VMware by Broadcom: layoffs and redundancy
- Over 2800 VMware employees have been laid off or made redundant by Broadcom post-acquisition.
- Broadcom CEO insists company will remained focus on growing VMware.
- CEO also requested VMware employees to return to office to work.
As soon as Broadcom announced its plans to acquire VMware, many in the industry understood that layoffs would be in store for staff should the deal go through. And true enough, since the deal closed, more than two thousand VMware employees have since been laid off or made redundant by Broadcom.
VMware has over 38,000 employees worldwide. In the US, a report by ChannelFutures stated that data stems from WARN notices the acquisitive chipmaker has filed in multiple states. The Worker Adjustment and Retraining Notification (WARN) Act helps ensure advance notice in cases of qualified plant closings and mass layoffs.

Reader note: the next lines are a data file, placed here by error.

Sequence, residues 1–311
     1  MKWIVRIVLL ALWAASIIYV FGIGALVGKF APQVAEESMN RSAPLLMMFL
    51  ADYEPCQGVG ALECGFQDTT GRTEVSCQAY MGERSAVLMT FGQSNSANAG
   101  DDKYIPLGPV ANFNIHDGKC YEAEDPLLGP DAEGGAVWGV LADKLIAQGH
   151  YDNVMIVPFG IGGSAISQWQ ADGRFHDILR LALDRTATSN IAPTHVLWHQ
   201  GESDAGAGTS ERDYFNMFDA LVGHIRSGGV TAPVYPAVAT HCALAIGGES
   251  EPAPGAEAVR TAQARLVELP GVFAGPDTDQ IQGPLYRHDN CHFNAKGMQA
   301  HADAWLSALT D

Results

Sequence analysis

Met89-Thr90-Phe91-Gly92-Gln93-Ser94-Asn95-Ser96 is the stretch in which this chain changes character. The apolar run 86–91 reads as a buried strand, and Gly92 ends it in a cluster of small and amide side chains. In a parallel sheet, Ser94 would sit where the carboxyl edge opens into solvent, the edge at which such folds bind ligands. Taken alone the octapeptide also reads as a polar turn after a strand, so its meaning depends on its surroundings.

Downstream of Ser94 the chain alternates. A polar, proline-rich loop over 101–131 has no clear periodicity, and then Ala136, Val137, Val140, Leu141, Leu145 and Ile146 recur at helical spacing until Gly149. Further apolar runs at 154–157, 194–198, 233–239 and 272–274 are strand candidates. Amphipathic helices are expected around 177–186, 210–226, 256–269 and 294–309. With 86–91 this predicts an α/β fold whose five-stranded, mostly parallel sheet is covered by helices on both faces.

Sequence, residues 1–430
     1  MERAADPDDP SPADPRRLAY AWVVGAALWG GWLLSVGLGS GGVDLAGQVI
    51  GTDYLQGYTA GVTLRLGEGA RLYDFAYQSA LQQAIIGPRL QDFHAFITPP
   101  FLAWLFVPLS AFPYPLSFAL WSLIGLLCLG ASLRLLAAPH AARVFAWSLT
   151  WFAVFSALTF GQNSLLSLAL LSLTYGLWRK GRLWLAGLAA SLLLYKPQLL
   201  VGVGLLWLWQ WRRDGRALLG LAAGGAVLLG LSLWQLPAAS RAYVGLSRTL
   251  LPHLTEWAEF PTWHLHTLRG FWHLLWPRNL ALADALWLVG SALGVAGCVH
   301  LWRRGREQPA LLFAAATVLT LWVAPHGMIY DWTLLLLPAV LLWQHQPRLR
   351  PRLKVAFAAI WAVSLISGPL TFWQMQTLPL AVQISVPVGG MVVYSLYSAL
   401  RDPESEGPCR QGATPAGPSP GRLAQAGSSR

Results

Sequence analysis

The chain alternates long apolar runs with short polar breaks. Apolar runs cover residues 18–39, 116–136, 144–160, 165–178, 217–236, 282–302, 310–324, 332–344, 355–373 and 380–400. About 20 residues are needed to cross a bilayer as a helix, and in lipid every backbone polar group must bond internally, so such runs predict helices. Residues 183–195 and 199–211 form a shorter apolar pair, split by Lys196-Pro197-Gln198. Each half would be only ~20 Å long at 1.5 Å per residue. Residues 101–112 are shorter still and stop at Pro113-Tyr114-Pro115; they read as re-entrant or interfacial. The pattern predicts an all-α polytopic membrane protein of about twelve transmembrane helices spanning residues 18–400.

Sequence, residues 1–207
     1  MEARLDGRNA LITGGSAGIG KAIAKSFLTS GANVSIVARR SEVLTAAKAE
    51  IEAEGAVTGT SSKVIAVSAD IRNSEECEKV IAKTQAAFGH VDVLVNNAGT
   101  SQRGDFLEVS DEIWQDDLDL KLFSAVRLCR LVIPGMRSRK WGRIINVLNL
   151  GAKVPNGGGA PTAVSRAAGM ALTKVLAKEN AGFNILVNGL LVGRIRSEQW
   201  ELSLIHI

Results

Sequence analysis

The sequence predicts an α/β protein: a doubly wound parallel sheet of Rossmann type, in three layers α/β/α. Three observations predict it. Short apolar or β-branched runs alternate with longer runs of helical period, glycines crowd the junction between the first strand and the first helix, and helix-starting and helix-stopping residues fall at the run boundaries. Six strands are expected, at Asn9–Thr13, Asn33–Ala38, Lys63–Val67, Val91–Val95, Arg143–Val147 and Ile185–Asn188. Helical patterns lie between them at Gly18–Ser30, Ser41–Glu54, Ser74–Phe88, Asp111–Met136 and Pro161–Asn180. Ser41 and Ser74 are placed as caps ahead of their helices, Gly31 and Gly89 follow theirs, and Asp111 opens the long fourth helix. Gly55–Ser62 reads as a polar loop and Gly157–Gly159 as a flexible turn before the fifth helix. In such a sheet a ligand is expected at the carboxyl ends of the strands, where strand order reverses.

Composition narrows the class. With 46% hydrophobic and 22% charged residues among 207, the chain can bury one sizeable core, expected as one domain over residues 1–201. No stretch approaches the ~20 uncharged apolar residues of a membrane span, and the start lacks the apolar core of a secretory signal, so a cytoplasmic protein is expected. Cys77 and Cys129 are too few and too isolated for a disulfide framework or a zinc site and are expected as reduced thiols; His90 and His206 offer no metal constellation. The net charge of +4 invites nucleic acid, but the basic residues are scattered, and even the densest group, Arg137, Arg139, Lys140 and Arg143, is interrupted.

Broadcom’s actions post-acquisition are nothing new. The company made similar moves when it acquired CA Technologies, Symantec and several others in the past. But most of the companies it acquired previously were neither as profitable or innovative as VMware.
“While an important moment for Broadcom, it’s also an exciting milestone for our customers around the world. And as I said when we first announced the acquisition, we can now come together and have the scale to help global enterprises address their complex IT infrastructure challenges by enabling private and hybrid cloud environments and helping them deploy an “apps anywhere” strategy. Our goal is to help customers optimize their private, hybrid and multi-cloud environments, allowing them to run applications and services anywhere,” said Hock Tan, president and CEO of Broadcom in a statement.
While Tan has hinted that the company will remain committed to several offerings by VMware, there have been questions asked about the areas that were not mentioned. That includes VMware’s cybersecurity venture – Carbon Black.